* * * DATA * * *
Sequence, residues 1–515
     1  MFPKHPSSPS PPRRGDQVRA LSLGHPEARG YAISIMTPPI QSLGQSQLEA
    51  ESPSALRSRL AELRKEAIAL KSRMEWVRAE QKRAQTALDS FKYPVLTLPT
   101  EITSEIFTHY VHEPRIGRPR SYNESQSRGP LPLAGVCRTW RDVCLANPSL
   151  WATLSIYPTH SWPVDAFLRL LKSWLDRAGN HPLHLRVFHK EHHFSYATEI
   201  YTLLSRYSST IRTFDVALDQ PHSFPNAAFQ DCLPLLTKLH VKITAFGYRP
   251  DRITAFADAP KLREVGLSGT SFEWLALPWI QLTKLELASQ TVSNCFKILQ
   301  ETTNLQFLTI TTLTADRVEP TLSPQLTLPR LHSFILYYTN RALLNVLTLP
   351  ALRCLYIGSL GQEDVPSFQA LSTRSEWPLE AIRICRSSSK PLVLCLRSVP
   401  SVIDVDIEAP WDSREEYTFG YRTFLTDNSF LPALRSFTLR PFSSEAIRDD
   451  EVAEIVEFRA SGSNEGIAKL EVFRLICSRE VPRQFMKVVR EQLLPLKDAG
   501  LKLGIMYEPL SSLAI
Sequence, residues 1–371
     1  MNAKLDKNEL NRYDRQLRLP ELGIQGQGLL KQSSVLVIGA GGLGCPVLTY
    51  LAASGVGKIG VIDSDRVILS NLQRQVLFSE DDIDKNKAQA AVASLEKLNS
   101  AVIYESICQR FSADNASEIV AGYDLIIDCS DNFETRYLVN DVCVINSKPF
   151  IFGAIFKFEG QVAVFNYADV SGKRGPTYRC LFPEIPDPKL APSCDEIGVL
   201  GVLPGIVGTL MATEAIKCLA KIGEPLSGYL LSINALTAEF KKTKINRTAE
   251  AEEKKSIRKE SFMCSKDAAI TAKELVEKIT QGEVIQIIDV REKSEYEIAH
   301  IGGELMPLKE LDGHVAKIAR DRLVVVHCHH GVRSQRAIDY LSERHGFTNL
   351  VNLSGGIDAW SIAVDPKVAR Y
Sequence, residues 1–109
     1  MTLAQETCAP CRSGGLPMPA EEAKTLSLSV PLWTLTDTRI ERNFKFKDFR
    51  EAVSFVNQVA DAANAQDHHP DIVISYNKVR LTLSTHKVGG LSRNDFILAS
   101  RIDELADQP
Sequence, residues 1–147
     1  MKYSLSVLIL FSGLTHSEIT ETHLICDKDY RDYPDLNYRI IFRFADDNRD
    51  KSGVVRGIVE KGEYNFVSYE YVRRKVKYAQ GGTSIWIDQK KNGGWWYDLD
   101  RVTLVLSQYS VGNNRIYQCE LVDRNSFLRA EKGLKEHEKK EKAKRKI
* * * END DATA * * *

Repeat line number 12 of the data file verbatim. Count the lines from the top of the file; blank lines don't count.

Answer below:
   501  LKLGIMYEPL SSLAI